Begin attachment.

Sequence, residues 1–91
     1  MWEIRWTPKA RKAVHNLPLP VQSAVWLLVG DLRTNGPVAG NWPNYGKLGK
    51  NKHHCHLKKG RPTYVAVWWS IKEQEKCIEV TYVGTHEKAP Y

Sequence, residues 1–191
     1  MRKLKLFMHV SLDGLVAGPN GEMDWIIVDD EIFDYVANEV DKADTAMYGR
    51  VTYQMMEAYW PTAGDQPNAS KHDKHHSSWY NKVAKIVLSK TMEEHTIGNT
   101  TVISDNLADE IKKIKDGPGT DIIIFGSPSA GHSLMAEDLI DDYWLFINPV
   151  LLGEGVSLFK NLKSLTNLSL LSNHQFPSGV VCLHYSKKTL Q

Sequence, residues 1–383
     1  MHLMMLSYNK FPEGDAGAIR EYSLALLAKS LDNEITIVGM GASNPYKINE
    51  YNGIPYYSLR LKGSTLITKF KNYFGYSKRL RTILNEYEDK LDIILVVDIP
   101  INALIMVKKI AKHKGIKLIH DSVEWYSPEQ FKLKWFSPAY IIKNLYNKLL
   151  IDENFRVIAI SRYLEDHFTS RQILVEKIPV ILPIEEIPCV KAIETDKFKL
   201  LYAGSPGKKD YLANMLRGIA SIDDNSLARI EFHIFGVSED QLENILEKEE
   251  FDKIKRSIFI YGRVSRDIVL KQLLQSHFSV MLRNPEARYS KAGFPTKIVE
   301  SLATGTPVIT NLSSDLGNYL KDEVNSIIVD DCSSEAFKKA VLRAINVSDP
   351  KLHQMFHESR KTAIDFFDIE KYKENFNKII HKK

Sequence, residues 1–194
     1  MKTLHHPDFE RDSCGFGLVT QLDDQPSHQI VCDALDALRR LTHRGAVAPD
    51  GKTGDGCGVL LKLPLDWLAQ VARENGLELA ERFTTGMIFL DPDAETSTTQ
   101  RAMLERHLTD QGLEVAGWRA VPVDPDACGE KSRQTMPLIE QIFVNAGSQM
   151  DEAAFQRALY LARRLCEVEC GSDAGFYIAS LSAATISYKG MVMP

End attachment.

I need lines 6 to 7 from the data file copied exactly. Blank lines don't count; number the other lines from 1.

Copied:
    51  VTYQMMEAYW PTAGDQPNAS KHDKHHSSWY NKVAKIVLSK TMEEHTIGNT
   101  TVISDNLADE IKKIKDGPGT DIIIFGSPSA GHSLMAEDLI DDYWLFINPV